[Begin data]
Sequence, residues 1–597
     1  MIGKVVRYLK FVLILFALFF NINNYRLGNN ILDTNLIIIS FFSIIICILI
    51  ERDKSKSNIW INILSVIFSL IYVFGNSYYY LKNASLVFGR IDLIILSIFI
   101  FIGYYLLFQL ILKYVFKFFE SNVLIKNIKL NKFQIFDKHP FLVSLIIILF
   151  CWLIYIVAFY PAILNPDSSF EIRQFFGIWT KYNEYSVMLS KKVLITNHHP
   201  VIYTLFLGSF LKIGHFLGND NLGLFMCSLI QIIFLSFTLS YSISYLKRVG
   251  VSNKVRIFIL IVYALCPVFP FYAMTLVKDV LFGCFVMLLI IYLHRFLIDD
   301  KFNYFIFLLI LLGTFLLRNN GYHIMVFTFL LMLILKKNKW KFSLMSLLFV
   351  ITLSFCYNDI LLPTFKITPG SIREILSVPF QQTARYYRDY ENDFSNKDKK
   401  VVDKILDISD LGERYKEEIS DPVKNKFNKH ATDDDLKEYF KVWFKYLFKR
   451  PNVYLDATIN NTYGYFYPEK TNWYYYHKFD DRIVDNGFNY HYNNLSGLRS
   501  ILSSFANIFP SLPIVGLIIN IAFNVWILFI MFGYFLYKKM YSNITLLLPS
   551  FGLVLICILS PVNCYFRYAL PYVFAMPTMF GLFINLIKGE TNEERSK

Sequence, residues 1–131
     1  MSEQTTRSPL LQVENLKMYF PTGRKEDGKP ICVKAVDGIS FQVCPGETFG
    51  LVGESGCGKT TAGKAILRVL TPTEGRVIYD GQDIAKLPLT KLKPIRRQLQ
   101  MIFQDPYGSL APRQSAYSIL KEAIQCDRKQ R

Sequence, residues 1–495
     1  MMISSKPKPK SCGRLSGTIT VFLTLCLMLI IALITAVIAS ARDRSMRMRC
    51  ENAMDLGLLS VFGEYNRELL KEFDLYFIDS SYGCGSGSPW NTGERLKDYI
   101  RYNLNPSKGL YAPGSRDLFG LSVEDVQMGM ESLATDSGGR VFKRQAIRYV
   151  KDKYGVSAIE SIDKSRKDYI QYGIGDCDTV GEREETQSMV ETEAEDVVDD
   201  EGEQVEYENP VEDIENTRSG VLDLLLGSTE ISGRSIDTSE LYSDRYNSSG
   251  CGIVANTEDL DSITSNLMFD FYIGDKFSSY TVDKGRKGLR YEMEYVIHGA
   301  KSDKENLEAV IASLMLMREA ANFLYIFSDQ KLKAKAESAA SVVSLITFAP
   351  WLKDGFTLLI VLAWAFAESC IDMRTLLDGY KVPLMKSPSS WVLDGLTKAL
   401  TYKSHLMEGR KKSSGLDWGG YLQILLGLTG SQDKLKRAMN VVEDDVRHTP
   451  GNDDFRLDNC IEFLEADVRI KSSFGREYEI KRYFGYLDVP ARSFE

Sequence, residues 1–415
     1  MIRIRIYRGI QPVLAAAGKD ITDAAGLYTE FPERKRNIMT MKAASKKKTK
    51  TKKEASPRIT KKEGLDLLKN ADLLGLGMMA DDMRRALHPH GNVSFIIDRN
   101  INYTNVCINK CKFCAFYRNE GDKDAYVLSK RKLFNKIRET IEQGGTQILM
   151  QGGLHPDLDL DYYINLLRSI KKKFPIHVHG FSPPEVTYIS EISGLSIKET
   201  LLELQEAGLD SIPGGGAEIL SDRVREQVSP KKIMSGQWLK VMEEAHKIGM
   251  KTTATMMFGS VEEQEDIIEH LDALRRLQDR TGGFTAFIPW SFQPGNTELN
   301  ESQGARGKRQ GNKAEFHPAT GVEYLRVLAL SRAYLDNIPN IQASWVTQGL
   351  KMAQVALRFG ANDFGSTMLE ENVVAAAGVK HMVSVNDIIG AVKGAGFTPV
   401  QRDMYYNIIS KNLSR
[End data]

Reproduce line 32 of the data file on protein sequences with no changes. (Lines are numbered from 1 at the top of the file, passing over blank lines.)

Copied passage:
   101  INYTNVCINK CKFCAFYRNE GDKDAYVLSK RKLFNKIRET IEQGGTQILM